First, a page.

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How Chez Panisse began

When Alice Waters opened Chez Panisse in Berkeley in 1971, she wasn't trying to start a food revolution. Here's how her neighborhood restaurant became the epicenter of the organic movement.

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An education in France and California
Alice Waters never ate in a restaurant until she went to France in her junior year of college. "That's when my whole world opened up," she recalls. "Everything was so beautiful there. I even remember my first French meal: a brothy root-vegetable soup with lots of parsley and garlic. It was amazing."

After graduating from the University of California at Berkeley, Waters became a teacher at a local Montessori school. She loved the philosophy -- Montessori is "all about educating the senses and learning by doing" -- but decided she wasn't a very good teacher.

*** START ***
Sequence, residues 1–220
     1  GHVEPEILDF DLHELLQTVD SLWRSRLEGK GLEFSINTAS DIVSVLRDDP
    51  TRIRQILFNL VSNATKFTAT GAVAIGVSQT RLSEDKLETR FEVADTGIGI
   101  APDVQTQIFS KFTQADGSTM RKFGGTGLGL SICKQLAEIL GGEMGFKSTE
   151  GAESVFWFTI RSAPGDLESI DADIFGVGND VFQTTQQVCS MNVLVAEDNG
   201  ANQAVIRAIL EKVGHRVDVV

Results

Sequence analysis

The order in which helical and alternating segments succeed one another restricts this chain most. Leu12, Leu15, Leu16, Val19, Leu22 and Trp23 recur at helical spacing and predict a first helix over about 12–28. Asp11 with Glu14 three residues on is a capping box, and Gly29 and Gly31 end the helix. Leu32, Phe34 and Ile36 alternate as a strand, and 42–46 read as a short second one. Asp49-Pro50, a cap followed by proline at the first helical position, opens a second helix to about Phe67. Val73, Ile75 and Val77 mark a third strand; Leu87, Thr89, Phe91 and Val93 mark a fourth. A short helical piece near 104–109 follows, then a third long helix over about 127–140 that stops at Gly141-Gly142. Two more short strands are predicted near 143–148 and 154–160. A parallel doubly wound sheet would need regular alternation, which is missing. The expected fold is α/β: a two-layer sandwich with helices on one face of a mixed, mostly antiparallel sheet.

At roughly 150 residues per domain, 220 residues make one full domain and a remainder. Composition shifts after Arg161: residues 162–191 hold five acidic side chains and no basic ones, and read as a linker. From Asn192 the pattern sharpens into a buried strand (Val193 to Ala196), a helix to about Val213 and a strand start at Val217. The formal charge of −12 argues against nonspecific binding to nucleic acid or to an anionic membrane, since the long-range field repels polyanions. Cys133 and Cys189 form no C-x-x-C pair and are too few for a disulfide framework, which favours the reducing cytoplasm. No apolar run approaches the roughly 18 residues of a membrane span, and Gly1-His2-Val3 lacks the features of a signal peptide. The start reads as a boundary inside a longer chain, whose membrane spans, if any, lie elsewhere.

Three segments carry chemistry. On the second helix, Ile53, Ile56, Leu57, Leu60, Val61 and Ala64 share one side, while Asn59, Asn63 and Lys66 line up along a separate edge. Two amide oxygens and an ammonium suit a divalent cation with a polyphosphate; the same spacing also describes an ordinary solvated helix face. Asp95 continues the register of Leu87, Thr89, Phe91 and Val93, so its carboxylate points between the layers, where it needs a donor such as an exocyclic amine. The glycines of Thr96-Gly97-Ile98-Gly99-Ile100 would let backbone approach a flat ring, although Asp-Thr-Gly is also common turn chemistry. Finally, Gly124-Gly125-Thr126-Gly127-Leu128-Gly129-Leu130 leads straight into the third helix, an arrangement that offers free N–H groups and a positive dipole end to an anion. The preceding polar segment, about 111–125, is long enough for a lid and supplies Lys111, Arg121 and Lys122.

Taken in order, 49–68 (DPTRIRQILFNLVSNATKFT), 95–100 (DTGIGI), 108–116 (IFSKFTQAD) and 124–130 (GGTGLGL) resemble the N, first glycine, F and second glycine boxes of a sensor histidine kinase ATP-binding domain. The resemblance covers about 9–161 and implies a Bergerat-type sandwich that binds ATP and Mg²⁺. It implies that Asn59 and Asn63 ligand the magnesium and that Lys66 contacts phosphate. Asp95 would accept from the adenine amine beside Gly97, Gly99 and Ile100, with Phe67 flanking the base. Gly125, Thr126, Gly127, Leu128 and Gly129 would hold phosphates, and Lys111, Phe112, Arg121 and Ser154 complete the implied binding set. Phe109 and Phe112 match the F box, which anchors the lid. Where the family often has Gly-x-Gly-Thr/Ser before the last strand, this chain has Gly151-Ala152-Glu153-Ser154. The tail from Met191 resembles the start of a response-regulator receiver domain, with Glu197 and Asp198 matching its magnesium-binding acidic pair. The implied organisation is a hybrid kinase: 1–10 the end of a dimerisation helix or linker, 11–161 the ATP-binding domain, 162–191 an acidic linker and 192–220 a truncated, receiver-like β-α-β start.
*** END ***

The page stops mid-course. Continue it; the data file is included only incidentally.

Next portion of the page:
"My students -- four-year-olds -- wanted to know everything, and I felt I didn't have the answers," she says. "So I quit and opened a restaurant, borrowing cash from my father, who mortgaged his house."

NEXT: A rocky debut

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LAST UPDATE: Aug 31 2009 | 7:44 PM ET
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